"Knobs", protuberances resulting from modifications to the erythrocyte membrane induced by the parasite, are observed at points of adhesion to endothelial cells and are involved in the phenomenon of parasite sequestration. Several proteins of parasite origin are present in the "knobs": PfHRPI (Histidine-Rich Protein I), the major structural component, and the variant antigen PfEMP1 (Erythrocyte Membrane Protein 1). We found that the transport of PfHRPI seemed to be insensitive to the action of BFA. The C-terminal extremity of PfHRPI presents a potential isoprenylation site preceded by a sequence of several basic amino acids. The association of these two motifs constitutes a signal for targeting to the plasma membrane and may mediate the secretion of PfHRPI into the cytoplasm of the red blood cell. We also showed that identical clag9 genes are expressed in both CSA and CD36-selected parasite populations. Thus, our data do not support the previously proposed role of CLAG9 in mediating adhesion to CD36. Rather, CLAG9 could have an accessory function for PfEMP1 molecules during transport or form a PfEMP1 CLAG9 complex at the red blood cell surface. Our recent co-localisation studies with several secreted proteins in BFA-treated parasites suggest that the ER is composed of different domains. It is possible that the properties of the polypeptides, such as their solubility or affinity for membranes, determine their compartmentalisation'. Our result suggest that the targeting of P. falciparum proteins to the various compartments of the infected erythrocyte begins within the ER. Characterisation of the secretion pathways specific to the parasite may lead to the identification of new targets of potential importance for the development of drugs active against the adhesion phenotype of parasitised erythrocytes.
Genomic plasticity and variant erythrocyte surface molecules of P. falciparum
Artur Scherf (email@example.com), Directeur de Recherche (1ère classe) au CNRS
A major line of research in our laboratory is the investigation of parasite-encoded variant adhesion molecules which are inserted into the erythrocyte membrane during the intracellular blood stage development. Sequestration of infected erythrocytes (IE) in different organs is probably a key event in malaria pathogenesis. The principal molecule mediating IE adhesion and antigenic variation is P. falciparum erythrocyte membrane protein 1(PfEMP1), encoded by the polymorphic var gene family. We have identified the chondroitin sulfate A (CSA) binding domain of the varCSA gene and are investigating its potential for new intervention strategies to protect women during pregnancy from disease. Recently, in collaboration with Dr. Gysin we have described the CSA-independent cytoadhesion of ring-stage IE presumably mediated by two parasite derived proteins on the surface of ring-infected erythrocytes called ring suface protein 1 and 2 (RSP1 and RSP2). This suggests that non-circulating (cryptic) parasite subpopulations are present in malaria patients. We have started to identify the genes that code for RSP1 and RSP2 which are potential target molecules for the development of new intervention strategies.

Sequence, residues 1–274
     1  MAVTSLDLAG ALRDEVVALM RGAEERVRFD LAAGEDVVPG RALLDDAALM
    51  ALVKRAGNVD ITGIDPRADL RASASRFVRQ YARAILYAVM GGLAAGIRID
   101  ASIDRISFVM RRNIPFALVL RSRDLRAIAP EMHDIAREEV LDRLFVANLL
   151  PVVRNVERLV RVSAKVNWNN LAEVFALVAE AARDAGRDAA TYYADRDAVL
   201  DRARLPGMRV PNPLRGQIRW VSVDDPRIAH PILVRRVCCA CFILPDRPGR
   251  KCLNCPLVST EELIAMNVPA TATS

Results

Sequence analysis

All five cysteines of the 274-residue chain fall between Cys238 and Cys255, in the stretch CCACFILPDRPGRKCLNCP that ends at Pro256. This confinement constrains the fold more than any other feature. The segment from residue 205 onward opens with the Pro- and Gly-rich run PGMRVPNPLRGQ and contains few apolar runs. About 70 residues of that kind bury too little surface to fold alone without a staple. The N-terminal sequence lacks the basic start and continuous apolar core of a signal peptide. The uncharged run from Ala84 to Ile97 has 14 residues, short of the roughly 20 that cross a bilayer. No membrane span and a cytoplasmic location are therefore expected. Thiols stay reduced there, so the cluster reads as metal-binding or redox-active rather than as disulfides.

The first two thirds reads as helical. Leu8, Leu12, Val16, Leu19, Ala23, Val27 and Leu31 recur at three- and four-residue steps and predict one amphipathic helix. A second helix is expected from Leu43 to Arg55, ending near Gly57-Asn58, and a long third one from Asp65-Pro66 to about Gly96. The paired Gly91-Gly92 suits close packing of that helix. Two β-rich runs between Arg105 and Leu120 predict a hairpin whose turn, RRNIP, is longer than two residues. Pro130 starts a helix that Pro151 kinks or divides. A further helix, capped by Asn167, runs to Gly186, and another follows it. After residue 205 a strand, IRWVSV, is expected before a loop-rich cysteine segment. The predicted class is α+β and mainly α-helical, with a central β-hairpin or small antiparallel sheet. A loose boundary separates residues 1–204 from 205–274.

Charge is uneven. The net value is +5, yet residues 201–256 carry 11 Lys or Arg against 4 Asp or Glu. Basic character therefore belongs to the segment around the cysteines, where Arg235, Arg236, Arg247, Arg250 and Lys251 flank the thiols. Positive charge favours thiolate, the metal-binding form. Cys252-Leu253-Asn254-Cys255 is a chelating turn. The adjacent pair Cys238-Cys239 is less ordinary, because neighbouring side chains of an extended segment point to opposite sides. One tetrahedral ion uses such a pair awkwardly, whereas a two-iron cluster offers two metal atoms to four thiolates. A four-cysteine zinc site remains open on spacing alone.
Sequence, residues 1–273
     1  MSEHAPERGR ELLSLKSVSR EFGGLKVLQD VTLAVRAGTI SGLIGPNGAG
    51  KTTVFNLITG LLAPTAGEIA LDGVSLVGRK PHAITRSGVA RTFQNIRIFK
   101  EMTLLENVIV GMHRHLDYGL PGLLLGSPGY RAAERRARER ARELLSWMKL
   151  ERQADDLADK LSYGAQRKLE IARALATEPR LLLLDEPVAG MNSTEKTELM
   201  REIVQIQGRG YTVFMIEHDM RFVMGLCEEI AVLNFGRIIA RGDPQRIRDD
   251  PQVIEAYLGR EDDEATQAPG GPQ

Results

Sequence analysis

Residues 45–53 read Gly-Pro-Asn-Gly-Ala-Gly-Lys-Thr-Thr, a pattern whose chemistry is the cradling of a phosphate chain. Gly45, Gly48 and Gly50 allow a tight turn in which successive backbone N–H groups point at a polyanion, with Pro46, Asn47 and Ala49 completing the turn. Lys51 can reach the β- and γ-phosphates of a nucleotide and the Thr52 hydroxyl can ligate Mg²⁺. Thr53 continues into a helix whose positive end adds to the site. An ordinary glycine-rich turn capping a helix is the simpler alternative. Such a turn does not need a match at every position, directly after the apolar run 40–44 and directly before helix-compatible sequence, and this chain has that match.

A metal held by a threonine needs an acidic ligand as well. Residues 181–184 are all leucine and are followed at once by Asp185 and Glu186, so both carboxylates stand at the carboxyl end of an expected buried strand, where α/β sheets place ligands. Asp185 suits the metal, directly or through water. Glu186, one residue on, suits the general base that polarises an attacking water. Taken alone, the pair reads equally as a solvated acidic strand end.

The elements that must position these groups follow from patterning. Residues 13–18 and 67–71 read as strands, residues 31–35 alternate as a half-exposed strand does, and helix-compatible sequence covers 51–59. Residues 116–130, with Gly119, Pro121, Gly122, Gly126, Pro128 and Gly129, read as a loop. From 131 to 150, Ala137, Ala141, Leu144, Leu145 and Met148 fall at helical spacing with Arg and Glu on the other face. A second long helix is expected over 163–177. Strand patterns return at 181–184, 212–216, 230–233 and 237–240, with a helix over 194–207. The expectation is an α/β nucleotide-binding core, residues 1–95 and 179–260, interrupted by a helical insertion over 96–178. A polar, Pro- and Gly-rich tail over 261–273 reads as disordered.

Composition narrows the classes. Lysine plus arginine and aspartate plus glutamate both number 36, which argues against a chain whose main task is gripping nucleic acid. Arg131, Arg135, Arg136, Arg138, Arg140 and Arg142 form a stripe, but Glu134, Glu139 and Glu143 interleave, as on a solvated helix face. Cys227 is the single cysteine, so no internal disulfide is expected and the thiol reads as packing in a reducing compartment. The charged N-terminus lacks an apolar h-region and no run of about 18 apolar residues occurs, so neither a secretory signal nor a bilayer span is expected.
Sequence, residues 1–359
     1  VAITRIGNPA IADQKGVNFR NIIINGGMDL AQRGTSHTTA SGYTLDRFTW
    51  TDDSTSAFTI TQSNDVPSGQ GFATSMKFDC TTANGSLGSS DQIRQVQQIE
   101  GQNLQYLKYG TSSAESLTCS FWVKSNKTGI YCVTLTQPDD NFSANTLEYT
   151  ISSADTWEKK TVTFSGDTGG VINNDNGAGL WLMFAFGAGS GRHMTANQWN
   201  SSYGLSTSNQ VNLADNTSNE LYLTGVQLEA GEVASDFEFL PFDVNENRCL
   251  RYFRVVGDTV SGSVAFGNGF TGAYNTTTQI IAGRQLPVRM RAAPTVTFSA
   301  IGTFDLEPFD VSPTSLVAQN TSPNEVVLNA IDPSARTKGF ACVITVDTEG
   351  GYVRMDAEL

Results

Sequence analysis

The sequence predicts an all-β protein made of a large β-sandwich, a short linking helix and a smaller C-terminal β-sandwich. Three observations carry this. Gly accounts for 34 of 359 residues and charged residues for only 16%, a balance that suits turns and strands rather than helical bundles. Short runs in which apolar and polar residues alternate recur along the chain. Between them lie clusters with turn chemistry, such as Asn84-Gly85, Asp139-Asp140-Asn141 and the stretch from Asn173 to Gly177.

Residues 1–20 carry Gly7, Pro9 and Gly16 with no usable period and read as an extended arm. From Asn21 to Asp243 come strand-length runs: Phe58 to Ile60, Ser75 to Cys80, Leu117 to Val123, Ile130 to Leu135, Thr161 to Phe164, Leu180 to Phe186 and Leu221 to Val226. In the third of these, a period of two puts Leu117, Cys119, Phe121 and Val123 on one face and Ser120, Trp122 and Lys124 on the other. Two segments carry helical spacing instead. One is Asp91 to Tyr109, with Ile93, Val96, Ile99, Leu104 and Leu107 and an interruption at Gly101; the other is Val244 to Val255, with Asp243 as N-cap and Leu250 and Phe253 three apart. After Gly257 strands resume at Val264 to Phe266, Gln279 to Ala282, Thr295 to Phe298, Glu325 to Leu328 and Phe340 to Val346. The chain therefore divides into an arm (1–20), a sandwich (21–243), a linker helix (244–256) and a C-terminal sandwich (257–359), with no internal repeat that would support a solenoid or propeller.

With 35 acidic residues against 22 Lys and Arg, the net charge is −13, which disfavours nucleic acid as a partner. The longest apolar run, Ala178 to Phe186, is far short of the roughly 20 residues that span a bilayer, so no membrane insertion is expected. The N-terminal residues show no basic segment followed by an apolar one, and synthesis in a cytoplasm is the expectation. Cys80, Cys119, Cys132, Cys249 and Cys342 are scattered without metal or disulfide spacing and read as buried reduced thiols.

New data on the organization of plasmodial telomeres has been recently obtained in our laboratory. Telomeres form clusters of 4 to 7 heterologous chromosome ends at the nuclear periphery in asexual and sexual parasite stages. This subnuclear compartment promotes gene conversion between members of subtelomeric virulence factor genes (var, possibly rif and other's) in heterologous chromosomes resulting in diversity of antigenic and adhesive phenotypes. This has important implications for parasite survival. Furthermore, we have been studying different aspects of telomere biology of malaria parasites. Plasmodial telomerase activity has been detected in protein cell extracts. A candidate for the P. falciparum telomerase catalytic subunit has been identified in the genome database. Knock out experiments are in process to verify that this is an essential gene for the survival of the parasite and can be considered as a new target for the development of anti-parasite therapies.
|Publications of the unit on Pasteur's references database|
|Office staff||Researchers||Scientific trainees||Other personnel|
SCHERF Artur - Directeur de Recherche
BARALE Jean Christophe
FREITAS Lucio Jr